Enabling collaboration for health and social care
Information and Guidance for the Email Gateway Service for N3 Organisations
The Email Gateway Service provided by NHSmail offers:
- The Relay service for inbound/outbound spam and antivirus scanning for N3/HCSN hosted *.nhs.uk email domains. N3 is now known as the Transition Network. Further information can be found on the NHS Digital HSCN pages: https://digital.nhs.uk/health-social-care-network
- Inbound/outbound spam and antivirus scanning for the NHSmail service
This guidance page offers information about the Email Gateway Service as well as configuration details. If you have been referred to this page, please review the guidance below, to address your query.
The use of static IP addresses is not supported by the Email Gateway for NHSmail. All configuration should be done based on N3/HSCN DNS pointing to relay.nhs.uk (see how I configure my Organisation). It is possible that organisations can point directly to the end points of 'relay.nhs.uk', but these may change with little or no notice, and therefore availability of any/all IP’s cannot be guaranteed. It is equally important that the Email Gateway should not directly be restricted by connecting IP, connecting IP's may change over the service lifetime.
As the Email Gateway services multiple interfaces (N3/HSCN, NHSmail and internet), the Email Gateway does not provide corresponding helo/ehlo responses to N3/HSCN DNS. Therefore, N3/HSCN organisations should not use the helo/ehlo response as a form of validation against the Email Gateway.
Yes, the Email Gateway supports opportunistic TLS, meaning, if an organisation’s MTA attempts to connect to the Email Gateway using TLS then it will use it. But, TLS is not enforced or required for a connection. This means that there is no end to end guarantee of encryption as your sending MTA may use TLS but when the relay service attempts to connect to the next hop to deliver the message after scanning that system may not support or use TLS.
The Email Gateway only supports message transfer on port 25 meaning all traffic (TLS or otherwise) should be directed to the Email Gateway over port 25 only.
The Email Gateway supports only a modern set of cipher suites. In order to successfully use TLS, a corresponding cipher suite must be used with the Email Gateway otherwise the connection will fail to be established. The following is a list of supported ciphers by the Email Gateway.
Note 1: It should also be noted that a number of these cipher suites do not meet UK Government or NHS security requirements.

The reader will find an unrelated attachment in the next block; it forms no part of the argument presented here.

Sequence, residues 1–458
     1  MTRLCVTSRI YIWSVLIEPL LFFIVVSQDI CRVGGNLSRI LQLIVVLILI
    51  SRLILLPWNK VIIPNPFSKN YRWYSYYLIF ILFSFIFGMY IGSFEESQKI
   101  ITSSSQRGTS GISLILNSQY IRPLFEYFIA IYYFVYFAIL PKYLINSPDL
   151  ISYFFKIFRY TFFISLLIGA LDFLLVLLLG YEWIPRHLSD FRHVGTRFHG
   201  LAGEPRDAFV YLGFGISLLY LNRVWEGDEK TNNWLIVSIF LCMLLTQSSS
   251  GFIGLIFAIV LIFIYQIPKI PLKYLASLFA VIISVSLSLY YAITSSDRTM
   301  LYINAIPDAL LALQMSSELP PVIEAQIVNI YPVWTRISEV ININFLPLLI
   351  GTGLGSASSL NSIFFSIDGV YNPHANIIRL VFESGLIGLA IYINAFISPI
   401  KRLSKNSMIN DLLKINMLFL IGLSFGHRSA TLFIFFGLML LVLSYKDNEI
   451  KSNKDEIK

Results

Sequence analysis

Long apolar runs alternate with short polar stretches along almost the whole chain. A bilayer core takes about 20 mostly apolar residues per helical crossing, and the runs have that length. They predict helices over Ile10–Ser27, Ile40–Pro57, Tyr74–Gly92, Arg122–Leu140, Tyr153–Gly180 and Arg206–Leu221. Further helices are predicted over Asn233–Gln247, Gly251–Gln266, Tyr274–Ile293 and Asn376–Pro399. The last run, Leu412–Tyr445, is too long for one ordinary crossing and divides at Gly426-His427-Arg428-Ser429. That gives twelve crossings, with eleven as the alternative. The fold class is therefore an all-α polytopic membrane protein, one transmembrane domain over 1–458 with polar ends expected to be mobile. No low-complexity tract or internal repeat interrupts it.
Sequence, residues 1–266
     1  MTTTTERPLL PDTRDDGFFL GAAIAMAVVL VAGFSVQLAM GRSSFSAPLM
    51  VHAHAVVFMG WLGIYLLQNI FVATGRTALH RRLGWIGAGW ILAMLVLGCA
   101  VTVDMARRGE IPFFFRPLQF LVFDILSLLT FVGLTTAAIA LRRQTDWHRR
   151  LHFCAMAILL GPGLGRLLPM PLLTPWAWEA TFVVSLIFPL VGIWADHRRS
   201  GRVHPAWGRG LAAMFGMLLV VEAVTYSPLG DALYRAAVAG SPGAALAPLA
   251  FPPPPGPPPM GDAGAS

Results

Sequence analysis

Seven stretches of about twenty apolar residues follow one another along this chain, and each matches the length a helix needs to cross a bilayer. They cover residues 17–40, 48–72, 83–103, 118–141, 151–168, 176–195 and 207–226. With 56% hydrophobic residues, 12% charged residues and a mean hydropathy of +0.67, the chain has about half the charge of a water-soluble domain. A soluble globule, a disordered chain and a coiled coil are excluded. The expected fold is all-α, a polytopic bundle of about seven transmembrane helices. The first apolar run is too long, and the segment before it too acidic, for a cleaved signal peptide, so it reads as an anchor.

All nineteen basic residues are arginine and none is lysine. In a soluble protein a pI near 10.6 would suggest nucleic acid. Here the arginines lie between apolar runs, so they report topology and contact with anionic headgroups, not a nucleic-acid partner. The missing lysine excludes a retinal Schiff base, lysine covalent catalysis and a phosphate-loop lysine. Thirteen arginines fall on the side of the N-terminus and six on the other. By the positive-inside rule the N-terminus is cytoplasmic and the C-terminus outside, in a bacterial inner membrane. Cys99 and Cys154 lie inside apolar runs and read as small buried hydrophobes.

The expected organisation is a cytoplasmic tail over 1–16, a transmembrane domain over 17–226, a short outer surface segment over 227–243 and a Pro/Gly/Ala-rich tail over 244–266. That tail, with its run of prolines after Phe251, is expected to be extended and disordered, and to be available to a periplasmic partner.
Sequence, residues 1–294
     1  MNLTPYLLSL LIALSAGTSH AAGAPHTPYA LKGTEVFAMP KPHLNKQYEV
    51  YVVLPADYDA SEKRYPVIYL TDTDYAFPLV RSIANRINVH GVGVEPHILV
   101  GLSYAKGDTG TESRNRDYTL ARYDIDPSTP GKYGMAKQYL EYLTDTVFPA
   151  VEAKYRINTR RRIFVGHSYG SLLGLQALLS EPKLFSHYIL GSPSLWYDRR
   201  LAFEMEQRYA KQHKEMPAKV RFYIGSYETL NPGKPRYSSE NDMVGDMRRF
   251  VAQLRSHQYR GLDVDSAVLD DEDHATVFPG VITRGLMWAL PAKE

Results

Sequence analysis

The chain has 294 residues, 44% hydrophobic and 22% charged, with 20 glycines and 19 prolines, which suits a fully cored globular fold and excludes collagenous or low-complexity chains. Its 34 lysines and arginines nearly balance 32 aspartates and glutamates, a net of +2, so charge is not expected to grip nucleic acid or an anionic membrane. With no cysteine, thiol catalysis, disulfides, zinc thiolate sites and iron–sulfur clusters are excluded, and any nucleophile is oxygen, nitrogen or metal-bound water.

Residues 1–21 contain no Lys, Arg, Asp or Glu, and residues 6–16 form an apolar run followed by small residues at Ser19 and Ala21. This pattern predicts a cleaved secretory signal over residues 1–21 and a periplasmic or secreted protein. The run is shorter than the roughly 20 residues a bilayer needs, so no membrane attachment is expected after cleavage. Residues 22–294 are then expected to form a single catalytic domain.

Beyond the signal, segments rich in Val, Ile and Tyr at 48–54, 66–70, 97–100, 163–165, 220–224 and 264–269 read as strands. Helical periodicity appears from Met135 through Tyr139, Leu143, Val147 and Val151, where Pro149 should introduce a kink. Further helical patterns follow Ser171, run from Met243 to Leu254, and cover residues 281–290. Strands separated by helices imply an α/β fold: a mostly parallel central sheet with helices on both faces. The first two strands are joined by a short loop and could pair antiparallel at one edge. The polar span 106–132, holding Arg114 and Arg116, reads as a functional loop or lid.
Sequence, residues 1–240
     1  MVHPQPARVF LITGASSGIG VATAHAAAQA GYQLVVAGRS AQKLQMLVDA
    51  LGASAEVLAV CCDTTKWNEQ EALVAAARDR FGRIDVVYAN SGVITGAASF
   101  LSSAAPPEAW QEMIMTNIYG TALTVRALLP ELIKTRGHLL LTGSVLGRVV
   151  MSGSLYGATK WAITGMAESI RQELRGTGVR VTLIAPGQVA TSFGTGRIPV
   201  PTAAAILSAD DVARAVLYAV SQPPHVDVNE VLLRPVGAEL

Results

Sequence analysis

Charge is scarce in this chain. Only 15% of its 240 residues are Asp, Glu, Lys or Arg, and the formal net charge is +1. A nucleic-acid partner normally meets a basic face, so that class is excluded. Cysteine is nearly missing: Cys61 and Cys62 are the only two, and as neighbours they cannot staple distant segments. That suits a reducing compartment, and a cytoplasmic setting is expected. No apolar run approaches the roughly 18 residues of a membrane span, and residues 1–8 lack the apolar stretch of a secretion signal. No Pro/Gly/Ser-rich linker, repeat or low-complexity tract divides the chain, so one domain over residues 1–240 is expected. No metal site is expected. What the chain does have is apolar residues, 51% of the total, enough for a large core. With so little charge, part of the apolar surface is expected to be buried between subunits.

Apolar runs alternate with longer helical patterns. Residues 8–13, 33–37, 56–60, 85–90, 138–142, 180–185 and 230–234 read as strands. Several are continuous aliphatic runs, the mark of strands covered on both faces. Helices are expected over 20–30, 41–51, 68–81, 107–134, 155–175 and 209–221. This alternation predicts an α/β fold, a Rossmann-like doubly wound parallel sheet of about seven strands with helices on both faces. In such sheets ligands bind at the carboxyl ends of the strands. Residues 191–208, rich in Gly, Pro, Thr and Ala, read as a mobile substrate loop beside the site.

Note 2: Although no longer supported for use, it has been found that Windows 2003 servers require a patch to match the cipher settings supported by the Email Gateway. The following Microsoft patch for Windows 2003 has successfully been deployed to alleviate default incompatibility (https://support.microsoft.com/en-us/kb/948963). This stated fix cannot be guaranteed in every circumstance.
To use the Email Gateway, local organisations must ensure inbound/outbound connectivity to the following IP addresses is available from the organisation’s sending/receiving Message Transfer Agents (MTAs):
To test the connection to the Email Gateway IP’s, logon to the local MTA, and run the command ‘telnet <IP> 25’. The response should come back with: 220 SMTP-S or 220 SMTP-H. Below is an example of the successful output:
# telnet 22.214.171.124 25
Connected to 126.96.36.199.
Escape character is '^]'.
When configuring a connection to the Email Gateway by MTAs or applications, a hardcoded IP address is not recommended or supported. DNS should be used as it allows for dynamic service resiliency and failover.
What if testing fails?
1. Ensure the test is being executed from your MTA on N3/HSCN, and an appropriate PTR record exists.
2. Confirm your organisation's firewalls contain the following full IP ranges used for NHSmail (not just the IP addresses listed) which are: 188.8.131.52/26 and 10.222.62.0/24
If testing still fail contact the NHSmail support, as listed in the Where can I get help? section.
The NHSmail service has protective DNS records using Sender Policy Framework (or SPF). SPF can be used to assist with anti-spoofing as well as overall assist with IP ratings related to blacklisting. If a local organisation wishes to implement SPF for their own MX record, they can create a single record referencing the domain nhs.net.
To have an entry for your organisations *.nhs.uk domain you submit a request to the NHS Digital DNS team to update your DNS record (firstname.lastname@example.org) with a new DNS record of type “TXT” with the following information:
v=spf1 include:_spf.nhs.net ~all